21st > June > 1999 Archive

The Register breaking news

MS Death List II – enemies scheme was live

MS on Trial Our report of Microsoft's 'friends and enemies list' last week (See story) was uncharacteristically favourable to Microsoft, according to Bristol Software. Microsoft has shrugged-off the list, which suggests treating software companies differently depending on who's side they're on, as the work of a new staffer, and something that was never implemented. Wrong and wrong, says Bristol. "The terminology was created by Dan Neault, who has been with Microsoft since 1995, and is a director," says a Bristol spokeswoman. "The programme was implemented, and Microsoft VP Bob Muglia sent an email to Bill Gates saying that the programme was being successful (in keeping people from using Java). Neault testified that Bill Gates approved the programme." The list first surfaced in the Bristol trial, and the transcripts support this interpretation. It also popped up briefly in the DoJ trial last week. Here, Neault explains his use of the expression friend, enemy of neutral: "It's a rather clumsy way to articulate it. One that we made smarter when we made this a littlee bit more formal. That was a carry-over from my days at Boeing doing military analysis where they do identify friend, foe or neutral [you can put your own gag in here if you like] ... what it was doing is setting the bar for how carefully we looked at a request for a waiver [of a licence fee]." So clearly the early concept as put forward by Neault envisaged linkage between Microsoft helping software developers by giving them waivers and the developers supporting Microsoft aims and objectives. The plan was modified, he explained under questioning from Microsoft's lawyer, because it was too broad, "a company wouldn't necessarily be a foe or hostile... so I should say really in this product are they trying to use our intellectual property against us." This didn't work entirely either, as he said even apparent friends could fail this test. Now, Bill's involvement. The waiver programme "was approved at a higher level than Bob [Muglia]." A memo from Muglia to Gates produced at the trial says: "This week I approved an agreement with Mainsoft," and Neault says: "The idea of the waiver had received Bill Gates' approval." And here's Muglia reporting to Gates: "We're making progress with enterprise ISVs who were thinking Java to get cross-platform, cutting the royalties upon MS... review to Mainsoft has had the intended effect." Wriggling somewhat, Neault is then forced to answer that slowing up Java adoption was one of the effects of the waiver programme. And here's how it goes when you've become a firm MS ally, like Mainsoft. Muglia again: "Now I think it may not be necessary to further anoint MainSoft and, in fact, it wouldn't hurt to give them a little competition. We are close to settling our differences with Bristol, and assuming these can be resolved, I'm inclined to give them similar rights to cut royalties and put MainSoft and Bristol in competition with each other." This took place in February 1998, almost three years into the 'junior' executive's career at Microsoft. Sounds pretty much like a friends and enemies list in operation, doesn't it? ® Complete Register Trial coverage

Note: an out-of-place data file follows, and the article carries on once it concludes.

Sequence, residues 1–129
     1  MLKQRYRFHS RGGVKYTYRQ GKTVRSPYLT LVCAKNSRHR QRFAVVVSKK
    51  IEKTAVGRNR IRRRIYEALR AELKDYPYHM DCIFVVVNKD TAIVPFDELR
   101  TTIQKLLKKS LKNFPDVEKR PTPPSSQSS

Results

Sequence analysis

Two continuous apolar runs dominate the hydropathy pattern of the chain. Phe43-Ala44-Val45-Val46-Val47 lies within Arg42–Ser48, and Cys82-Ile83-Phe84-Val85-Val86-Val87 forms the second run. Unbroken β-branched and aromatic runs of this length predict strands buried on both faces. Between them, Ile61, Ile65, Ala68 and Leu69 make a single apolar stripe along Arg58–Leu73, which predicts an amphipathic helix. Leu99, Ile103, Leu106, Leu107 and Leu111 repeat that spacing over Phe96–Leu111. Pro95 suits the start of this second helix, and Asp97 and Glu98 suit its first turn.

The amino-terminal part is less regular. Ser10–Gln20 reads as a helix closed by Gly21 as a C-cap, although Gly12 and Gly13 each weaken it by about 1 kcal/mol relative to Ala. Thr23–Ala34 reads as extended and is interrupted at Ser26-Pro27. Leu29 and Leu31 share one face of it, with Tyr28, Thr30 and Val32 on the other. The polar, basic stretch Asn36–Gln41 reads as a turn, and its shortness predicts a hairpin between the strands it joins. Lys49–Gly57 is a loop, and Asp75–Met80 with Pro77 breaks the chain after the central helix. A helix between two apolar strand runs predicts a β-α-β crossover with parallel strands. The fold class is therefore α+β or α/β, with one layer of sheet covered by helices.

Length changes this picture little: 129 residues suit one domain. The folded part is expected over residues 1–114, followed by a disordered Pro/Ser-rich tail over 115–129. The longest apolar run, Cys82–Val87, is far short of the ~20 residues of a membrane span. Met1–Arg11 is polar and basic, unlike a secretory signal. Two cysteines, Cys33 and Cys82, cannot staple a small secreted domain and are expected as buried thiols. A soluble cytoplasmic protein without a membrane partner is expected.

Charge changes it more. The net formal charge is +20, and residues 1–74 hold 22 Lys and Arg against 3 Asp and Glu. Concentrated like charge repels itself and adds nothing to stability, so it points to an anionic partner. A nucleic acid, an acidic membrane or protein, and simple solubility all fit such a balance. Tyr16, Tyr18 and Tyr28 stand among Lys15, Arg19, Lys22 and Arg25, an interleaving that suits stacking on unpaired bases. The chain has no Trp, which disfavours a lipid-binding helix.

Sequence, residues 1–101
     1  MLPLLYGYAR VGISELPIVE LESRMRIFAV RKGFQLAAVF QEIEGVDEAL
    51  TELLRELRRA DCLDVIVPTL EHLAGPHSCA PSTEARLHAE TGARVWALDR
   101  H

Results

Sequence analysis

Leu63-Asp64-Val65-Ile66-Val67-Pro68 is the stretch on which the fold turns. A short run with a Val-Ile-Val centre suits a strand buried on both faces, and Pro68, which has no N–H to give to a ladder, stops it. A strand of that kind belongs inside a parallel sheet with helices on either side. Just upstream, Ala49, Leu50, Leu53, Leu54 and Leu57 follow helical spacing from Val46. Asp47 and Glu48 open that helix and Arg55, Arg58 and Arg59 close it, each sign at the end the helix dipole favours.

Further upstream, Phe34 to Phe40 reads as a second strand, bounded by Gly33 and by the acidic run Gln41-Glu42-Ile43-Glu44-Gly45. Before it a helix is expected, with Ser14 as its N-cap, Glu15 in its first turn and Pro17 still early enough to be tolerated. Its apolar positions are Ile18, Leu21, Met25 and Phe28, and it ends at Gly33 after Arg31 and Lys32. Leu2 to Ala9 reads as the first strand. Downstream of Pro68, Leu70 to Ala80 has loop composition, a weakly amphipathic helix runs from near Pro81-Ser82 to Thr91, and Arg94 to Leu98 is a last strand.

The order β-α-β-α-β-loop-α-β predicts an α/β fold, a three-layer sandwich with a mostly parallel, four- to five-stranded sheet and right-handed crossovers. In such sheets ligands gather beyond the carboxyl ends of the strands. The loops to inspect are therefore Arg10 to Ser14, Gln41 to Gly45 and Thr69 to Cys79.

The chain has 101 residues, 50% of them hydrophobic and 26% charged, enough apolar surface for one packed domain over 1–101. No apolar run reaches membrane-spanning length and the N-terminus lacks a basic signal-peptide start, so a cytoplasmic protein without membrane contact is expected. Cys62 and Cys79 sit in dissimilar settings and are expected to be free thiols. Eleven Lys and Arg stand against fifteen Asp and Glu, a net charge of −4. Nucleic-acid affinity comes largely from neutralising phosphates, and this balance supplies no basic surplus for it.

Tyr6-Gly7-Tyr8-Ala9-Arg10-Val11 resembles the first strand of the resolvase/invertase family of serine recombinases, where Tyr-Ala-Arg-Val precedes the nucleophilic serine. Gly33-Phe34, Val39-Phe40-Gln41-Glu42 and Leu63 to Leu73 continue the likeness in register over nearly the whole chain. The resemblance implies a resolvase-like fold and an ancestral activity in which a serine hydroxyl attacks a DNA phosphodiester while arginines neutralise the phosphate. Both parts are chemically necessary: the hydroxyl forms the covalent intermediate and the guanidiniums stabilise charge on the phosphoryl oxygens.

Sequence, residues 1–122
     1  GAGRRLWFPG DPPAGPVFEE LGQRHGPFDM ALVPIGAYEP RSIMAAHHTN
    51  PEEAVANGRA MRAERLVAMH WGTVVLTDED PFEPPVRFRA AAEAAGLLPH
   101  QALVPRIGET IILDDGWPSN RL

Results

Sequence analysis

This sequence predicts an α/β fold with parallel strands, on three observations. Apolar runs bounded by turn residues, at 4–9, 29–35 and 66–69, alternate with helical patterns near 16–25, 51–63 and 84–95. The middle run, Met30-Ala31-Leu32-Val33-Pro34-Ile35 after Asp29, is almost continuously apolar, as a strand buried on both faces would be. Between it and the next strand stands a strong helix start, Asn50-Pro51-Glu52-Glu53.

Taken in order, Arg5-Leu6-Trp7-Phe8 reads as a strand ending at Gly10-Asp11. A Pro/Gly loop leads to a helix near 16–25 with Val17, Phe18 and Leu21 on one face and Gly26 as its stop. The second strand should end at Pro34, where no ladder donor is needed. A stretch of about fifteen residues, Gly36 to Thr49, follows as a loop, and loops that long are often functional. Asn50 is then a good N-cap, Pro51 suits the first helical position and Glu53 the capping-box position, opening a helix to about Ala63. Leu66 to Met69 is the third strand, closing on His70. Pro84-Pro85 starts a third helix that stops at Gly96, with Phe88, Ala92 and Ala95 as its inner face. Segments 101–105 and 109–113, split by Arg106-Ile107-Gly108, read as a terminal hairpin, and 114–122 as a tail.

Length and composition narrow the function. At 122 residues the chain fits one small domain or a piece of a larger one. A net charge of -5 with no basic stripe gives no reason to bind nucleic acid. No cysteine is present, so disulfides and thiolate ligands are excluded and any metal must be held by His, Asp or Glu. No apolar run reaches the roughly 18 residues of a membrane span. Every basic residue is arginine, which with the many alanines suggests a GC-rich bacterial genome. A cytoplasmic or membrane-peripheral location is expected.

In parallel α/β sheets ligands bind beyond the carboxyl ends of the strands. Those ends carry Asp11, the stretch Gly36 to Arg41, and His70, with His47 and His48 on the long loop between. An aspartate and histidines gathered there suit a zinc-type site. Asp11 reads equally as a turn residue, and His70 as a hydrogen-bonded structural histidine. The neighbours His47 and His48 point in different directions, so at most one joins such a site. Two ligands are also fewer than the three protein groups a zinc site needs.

The Register breaking news

IE5 installation kills-off NT remote update service

A network administrator for a major US bank has drawn our attention to a serious (for him, at least) breakage of NT caused by Internet Explorer 5.0. In summary it would appear that Microsoft integration/proprietorisation via IE 5 disables a highly useful open systems(ish) routine, the Schedule service. This ships with NT, and in the equivalent of the Unix cron service. "We use it extensively at our company to deploy updates and perform functions. We run it under special user account so that it can access network resources." But if you upgrade to IE 5, Schedule is replaced by Task Scheduler, one of those little extras Microsoft adds to its software, and this only runs as a system service, and can't be changed to a user account. So blap, no more update deployment automation for our bank. Our informant continues: "But here's the weird part: If you look at the Services applet in Control Panel, you see "Task Scheduler" in the list. Schedule is gone. But if you go into the registry under HKEY_LOCAL_MACHINE\System\CurrentControlSet\Services you see that the Schedule entry is still there... just changed. It now runs MsTask.exe instead of the faithful AtSvc.exe. But wait.. it gets better. The two services don't play nicely together. If you have MsTask you cannot schedule events on any machines that have AtSvc. So... even though all my servers have AtSvc, I can't send jobs out to them from my IE5 'enabled' computer. "What the hell does this have to do with a web browser that isn't part of the OS? [ahem …] Why didn't they just add a new service entry and leave the decent scheduler in its place?" Task Scheduler isn't listed as an option for select or deselect during the install process, so he checked the IE 5 installation files, and found that its installation is a requirement, you can't get round it. "Essentially, this gives MS the ability to hook your OS and schedule jobs whenever it wants. This totally sucks." You can see why this is happening, because in the longer term the browser is integrated in Win2k, and the scheduling processes will be hooked into the grand MS schemes for remote management and update scheduling. But that's not much comfort for NT shops whose mechanisms for getting around Microsoft's shortcomings now have been broken by IE 5. Today you can use the add/remove applet to uninstall the feature on individual machines after it's been installed. Our network manager again: "So what do I do? Deploy 10,000 machines with IE5 and then manually visit them in four states to uninstall the Task Scheduler? Oooooooh... I know... I'll use the Schedule services to do it for me..." ®